Mr. Morgan said the dealers will continue to pay rent to Getty, although he expects the money may have to be deposited into a special fund he hopes the court will establish until the legal issues are resolved.

The dealers' case hinges on Connecticut's right of first refusal law, which they said obligated Getty to give them a chance to match Chestnut's lease offer for their sites. Getty never did so. From Driscoll's point of view, the Chapter 11 filing by GPMI and its subsequent surrender of the station leases ended all legal rights the dealers had to remain at the sites.

According to the dealers, Getty has also failed to respond to their attempts to resolve their differences, short of a court fight.

The retailers say they told Getty they would be willing to enter a joint venture deal with a jobber who would supply them with fuel, submit their rent payments to Getty, and monitor their performance and compliance with environmental laws. In return, Getty would assign them the leases on their stations and the dealers would give Getty personal guarantees to safeguard Getty's financial interest in the sites.

Alternatively, they would be willing to sign minimum 10-year PMPA franchises, with a 10-year renewal option. Under that scenario, the dealers would get to choose the gasoline brand they sell from one of the many that Chestnut has. If not, Chestnut would agree to supply them at rack, price plus one cent per gllon, said Michael Fox, executive director of the dealer group representing the retailers, the Gasoline & Automotive Service Dealer’s of America Inc. (GASDA).

"We want the same financial return on our investment in these stations that Getty Realty gets," Fox told CSP Daily News. "If a dealer has made a $250,000 investment in the property, he should get a guaranteed ROI, just as Getty should get an ROI. We would be willing to guarantee Getty an ROI."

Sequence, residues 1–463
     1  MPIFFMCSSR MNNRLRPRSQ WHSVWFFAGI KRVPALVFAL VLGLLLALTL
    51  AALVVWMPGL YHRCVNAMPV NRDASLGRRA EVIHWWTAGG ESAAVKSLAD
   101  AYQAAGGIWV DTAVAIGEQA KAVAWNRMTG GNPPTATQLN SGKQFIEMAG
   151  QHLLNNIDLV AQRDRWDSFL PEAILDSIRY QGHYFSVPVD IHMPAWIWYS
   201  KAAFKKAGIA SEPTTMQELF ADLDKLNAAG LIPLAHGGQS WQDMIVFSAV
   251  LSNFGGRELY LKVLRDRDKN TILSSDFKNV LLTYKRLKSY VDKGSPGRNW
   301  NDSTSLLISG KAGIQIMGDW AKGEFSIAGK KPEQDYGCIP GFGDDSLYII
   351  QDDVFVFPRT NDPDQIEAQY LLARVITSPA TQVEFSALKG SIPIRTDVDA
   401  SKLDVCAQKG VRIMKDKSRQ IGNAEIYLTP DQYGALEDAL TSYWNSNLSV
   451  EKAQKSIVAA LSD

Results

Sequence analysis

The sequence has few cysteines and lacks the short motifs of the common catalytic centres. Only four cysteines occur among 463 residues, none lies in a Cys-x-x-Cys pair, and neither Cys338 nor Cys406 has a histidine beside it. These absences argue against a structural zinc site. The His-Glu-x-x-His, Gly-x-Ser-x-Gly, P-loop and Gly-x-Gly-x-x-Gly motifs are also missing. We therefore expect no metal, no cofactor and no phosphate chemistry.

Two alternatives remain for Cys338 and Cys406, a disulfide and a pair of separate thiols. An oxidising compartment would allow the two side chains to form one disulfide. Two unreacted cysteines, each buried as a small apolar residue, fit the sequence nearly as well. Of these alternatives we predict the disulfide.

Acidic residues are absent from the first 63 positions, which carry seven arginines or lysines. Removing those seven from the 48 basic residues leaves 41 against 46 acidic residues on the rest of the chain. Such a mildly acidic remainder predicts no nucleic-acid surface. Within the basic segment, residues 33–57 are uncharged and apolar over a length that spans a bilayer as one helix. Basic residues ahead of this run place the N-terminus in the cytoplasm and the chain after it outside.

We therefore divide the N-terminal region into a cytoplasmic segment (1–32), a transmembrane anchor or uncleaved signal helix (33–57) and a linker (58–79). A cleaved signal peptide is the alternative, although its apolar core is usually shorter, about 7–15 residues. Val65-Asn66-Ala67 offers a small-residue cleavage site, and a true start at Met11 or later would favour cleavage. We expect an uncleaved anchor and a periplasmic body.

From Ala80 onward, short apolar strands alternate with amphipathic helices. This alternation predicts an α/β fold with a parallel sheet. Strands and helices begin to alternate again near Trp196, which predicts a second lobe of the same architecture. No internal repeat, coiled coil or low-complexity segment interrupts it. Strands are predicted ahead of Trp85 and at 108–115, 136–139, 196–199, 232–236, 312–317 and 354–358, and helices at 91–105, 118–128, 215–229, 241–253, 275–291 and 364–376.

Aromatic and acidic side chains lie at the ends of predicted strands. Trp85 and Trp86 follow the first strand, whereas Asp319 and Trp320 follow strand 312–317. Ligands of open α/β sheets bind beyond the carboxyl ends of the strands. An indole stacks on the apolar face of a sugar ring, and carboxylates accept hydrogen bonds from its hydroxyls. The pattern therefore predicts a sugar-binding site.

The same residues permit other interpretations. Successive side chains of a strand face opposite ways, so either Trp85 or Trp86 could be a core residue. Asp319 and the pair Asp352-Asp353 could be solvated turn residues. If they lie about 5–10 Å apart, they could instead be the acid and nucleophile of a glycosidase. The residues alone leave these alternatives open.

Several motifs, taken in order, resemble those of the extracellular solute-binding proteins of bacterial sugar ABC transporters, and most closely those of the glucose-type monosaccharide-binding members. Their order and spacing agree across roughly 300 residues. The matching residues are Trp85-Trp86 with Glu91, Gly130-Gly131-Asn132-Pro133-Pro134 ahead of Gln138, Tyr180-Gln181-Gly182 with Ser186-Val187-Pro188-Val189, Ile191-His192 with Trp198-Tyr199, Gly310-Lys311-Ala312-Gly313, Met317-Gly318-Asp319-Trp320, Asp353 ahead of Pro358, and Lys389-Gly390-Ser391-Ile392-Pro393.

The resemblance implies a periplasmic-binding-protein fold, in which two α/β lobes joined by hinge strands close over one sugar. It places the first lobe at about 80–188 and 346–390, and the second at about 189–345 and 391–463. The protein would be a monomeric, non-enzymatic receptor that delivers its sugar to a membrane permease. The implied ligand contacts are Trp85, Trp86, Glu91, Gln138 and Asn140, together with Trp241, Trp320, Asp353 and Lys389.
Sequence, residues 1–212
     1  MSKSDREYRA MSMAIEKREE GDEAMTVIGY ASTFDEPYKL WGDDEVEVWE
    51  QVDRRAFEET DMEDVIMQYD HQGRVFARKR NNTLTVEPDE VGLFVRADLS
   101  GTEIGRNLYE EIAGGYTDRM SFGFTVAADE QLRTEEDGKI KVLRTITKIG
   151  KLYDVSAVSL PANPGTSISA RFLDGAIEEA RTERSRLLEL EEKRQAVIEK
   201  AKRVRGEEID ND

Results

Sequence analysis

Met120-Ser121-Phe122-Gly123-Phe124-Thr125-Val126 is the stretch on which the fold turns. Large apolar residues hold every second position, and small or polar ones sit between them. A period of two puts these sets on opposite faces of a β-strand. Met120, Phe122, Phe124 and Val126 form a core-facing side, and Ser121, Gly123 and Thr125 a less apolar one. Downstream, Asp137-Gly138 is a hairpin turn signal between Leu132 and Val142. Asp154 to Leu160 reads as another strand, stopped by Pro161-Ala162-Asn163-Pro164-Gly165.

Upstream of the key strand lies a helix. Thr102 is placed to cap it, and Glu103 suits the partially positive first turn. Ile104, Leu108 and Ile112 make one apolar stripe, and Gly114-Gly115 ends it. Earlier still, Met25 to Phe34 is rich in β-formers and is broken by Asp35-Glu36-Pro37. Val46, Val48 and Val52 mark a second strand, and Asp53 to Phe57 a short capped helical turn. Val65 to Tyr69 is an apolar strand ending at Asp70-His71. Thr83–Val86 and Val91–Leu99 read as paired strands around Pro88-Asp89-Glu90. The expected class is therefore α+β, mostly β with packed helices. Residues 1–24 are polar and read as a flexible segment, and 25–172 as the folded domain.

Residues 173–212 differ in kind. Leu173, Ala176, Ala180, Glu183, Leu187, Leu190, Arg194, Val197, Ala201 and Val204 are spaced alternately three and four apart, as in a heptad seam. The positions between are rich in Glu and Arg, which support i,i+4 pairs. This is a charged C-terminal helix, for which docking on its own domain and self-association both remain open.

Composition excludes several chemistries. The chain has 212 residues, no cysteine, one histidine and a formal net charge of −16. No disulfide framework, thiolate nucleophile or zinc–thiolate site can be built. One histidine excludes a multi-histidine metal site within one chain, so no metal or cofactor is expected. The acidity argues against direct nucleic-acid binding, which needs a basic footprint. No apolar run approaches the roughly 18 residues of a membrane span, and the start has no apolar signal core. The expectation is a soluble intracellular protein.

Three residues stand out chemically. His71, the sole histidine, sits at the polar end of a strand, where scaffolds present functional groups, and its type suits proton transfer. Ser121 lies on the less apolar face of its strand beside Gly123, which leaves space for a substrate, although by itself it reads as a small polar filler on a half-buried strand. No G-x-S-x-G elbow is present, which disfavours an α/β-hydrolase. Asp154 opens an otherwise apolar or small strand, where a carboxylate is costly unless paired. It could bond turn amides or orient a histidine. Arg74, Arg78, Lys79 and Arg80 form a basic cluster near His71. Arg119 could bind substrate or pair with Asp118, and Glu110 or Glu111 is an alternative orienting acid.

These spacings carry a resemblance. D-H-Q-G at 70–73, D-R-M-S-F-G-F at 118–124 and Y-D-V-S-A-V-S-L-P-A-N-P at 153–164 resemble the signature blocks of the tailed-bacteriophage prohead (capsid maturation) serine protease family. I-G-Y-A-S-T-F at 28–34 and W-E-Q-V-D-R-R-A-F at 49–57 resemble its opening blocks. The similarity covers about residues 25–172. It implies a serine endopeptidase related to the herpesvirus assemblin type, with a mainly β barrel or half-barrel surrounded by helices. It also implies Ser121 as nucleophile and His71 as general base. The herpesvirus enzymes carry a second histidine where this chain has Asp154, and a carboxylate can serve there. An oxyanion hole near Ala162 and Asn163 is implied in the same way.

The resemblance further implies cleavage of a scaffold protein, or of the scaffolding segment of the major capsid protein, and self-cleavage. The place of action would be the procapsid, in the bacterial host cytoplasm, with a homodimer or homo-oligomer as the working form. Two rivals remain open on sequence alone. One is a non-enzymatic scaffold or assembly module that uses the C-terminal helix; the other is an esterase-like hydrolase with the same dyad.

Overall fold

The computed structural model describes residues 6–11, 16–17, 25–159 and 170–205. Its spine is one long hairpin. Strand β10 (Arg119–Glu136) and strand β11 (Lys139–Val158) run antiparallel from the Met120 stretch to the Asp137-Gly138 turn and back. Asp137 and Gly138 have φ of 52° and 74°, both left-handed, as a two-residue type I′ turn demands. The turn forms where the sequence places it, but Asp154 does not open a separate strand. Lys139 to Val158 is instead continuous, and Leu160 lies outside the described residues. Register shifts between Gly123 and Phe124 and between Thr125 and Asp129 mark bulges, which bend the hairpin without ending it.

Driscoll said he is aware of the suggested solutions proposed by Morgan to Getty's in-house counsel, but "no formal offer was made." He also contended that the dealers are wrong in believing that Connecticut law gives them first refusal rights on third-party lease assignments.

"We are a REIT, and it is our desire to do triple net leases with qualified distributors. We have an historical relationship with Chestnut, and we are comfortable with them," Driscoll said.

"I don't have a relationship with these dealers and never did, and when this is done with, I still won't have a relationship with them," he added.

There were originally more than 50 dealers involved in the dispute, but some have now signed the Chestnut commission agreements in part due to their financial situation, leaving 43 retailers still at odds with Getty and Chestnut, dealer sources said.

Driscoll predicted the remaining dealers will settle "one by one, two by two and three by three" with Chestnut, and that those who don't will lose their court fight.

"They shouldn't bet on that," said Morgan. "It will be a long and bloody battle, but we'll fight it," he said.